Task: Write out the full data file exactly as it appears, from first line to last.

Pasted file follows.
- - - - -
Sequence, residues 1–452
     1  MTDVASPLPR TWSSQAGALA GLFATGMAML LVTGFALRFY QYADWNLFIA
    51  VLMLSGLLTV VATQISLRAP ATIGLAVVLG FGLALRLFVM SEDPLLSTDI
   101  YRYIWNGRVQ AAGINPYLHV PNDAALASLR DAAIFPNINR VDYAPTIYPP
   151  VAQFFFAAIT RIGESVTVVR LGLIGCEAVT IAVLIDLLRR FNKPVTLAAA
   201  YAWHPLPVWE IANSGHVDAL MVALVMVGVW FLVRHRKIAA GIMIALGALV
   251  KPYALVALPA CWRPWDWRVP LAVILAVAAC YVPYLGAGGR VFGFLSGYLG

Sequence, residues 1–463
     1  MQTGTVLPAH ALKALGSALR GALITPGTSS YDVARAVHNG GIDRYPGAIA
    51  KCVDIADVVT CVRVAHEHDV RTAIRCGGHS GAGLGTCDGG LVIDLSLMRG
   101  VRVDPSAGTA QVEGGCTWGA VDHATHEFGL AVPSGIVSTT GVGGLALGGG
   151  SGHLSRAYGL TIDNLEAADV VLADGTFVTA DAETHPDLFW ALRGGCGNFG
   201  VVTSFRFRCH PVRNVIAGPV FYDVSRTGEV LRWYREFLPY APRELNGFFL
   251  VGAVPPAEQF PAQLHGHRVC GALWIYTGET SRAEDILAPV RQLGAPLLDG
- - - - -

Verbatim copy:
Sequence, residues 1–452
     1  MTDVASPLPR TWSSQAGALA GLFATGMAML LVTGFALRFY QYADWNLFIA
    51  VLMLSGLLTV VATQISLRAP ATIGLAVVLG FGLALRLFVM SEDPLLSTDI
   101  YRYIWNGRVQ AAGINPYLHV PNDAALASLR DAAIFPNINR VDYAPTIYPP
   151  VAQFFFAAIT RIGESVTVVR LGLIGCEAVT IAVLIDLLRR FNKPVTLAAA
   201  YAWHPLPVWE IANSGHVDAL MVALVMVGVW FLVRHRKIAA GIMIALGALV
   251  KPYALVALPA CWRPWDWRVP LAVILAVAAC YVPYLGAGGR VFGFLSGYLG

Sequence, residues 1–463
     1  MQTGTVLPAH ALKALGSALR GALITPGTSS YDVARAVHNG GIDRYPGAIA
    51  KCVDIADVVT CVRVAHEHDV RTAIRCGGHS GAGLGTCDGG LVIDLSLMRG
   101  VRVDPSAGTA QVEGGCTWGA VDHATHEFGL AVPSGIVSTT GVGGLALGGG
   151  SGHLSRAYGL TIDNLEAADV VLADGTFVTA DAETHPDLFW ALRGGCGNFG
   201  VVTSFRFRCH PVRNVIAGPV FYDVSRTGEV LRWYREFLPY APRELNGFFL
   251  VGAVPPAEQF PAQLHGHRVC GALWIYTGET SRAEDILAPV RQLGAPLLDG